And how many reward dollars do you get from a $.25 purchase? Seems like a lot of wasted effort for something so negligible. Then we could factor in the actual value of the "rewards", but that would be a whole other chapter. Of course the "doo-dad" isn't 25 cents anymore either since the merchant will pass on that added cost you gave to all of us one way or another.
 

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And how many reward dollars do you get from a $.25 purchase? Seems like a lot of wasted effort for something so negligible. Then we could factor in the actual value of the "rewards", but that would be a whole other chapter. Of course the "doo-dad" isn't 25 cents anymore either since the merchant will pass on that added cost you gave to all of us one way or another.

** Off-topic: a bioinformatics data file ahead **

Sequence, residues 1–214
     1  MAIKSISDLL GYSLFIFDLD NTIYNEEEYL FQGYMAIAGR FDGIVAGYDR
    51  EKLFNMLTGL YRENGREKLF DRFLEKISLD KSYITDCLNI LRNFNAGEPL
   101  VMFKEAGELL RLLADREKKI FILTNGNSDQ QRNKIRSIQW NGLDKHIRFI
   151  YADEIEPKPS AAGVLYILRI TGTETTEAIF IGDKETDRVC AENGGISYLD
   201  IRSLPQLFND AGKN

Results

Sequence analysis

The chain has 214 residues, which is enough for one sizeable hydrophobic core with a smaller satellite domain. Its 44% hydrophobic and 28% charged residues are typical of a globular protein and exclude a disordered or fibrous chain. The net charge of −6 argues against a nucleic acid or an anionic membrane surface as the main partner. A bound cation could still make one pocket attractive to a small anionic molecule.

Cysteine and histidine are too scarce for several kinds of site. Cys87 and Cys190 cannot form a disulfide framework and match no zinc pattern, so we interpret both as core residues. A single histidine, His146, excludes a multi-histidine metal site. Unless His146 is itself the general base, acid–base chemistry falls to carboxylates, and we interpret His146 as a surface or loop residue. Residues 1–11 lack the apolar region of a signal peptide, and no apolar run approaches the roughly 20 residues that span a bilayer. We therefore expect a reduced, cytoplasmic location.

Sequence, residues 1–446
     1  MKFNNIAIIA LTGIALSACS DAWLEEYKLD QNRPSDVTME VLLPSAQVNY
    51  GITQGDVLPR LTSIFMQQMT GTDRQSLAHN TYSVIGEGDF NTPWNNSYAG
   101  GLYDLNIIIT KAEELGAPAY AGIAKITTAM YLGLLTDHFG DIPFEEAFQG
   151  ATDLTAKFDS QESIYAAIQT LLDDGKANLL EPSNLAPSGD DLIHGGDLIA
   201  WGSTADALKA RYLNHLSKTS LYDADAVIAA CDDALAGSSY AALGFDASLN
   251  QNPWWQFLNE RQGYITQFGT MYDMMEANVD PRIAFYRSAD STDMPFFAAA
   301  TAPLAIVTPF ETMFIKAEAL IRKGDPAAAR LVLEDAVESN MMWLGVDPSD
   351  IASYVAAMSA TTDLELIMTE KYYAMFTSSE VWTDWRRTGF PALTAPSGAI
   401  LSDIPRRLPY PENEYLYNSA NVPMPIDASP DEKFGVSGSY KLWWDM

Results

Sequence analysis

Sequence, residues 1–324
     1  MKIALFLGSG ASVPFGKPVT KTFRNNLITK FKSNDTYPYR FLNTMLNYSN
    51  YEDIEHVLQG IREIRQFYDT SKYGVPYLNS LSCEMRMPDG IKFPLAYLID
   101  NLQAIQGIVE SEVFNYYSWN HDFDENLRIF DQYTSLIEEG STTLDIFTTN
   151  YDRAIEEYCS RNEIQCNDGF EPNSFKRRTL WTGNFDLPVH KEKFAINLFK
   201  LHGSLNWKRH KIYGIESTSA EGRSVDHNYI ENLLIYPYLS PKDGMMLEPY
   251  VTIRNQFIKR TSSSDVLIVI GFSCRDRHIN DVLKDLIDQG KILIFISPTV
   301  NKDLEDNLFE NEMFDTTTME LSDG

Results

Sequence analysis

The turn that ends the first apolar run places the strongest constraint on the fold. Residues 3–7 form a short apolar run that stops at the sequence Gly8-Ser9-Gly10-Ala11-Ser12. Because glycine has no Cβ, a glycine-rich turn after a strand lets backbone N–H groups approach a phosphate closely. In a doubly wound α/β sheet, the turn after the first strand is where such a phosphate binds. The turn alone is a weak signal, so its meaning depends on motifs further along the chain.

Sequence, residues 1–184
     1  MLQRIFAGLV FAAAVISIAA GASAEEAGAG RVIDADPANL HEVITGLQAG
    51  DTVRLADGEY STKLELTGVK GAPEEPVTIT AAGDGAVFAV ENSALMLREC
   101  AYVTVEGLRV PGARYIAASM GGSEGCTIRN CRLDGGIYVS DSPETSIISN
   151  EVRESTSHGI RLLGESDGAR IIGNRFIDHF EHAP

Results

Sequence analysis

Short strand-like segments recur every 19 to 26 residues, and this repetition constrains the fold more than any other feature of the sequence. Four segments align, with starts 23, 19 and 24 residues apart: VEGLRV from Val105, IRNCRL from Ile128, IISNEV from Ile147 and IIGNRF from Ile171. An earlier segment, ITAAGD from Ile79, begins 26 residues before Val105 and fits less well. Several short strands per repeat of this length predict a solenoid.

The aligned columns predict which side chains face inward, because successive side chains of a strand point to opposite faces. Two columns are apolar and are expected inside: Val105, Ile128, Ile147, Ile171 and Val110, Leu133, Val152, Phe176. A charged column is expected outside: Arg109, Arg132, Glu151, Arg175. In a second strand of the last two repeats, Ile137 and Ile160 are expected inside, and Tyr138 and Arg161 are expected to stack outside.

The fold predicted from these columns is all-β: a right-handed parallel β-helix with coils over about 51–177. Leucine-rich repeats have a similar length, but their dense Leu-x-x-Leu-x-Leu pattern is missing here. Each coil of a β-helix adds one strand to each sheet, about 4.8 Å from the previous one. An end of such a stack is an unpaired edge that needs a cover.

But it adds up over the year. And most retailers I go to don't offer any discount for cash. So if the price is the same, I might as well get my 1%.

If a retailer offers a discount for cash, and it is more than I am going to get from my CC then I will use cash. If not, I might as well us my CC.
 

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I'm also in Winnipeg, and I know that there are lots of businesses here that charge for Interac.

I personally don't like carrying cash, because it becomes so much easier to make those little purchases. A buck on a cup of coffee here, a buck on a candy bar there...

I pretty much use my PC mastercard for everything I buy now. The solution to those little 25 cent purchases? I don't make them. In fact, anything under about $20, and I'm forced to really think about whether that's something that needs to be on my credit card... and I almost always end up deciding that no, it doesn't!
 

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Thanks for the link. Great article.

The problem with looking at the cost to the merchant, is that this cost is being charged to consumers regardless of what payment type they use. I might as well use a credit card and collect the rewards... because the fee has already been baked into the price of the merchandise (and the price doesn't go down if I choose to pay cash).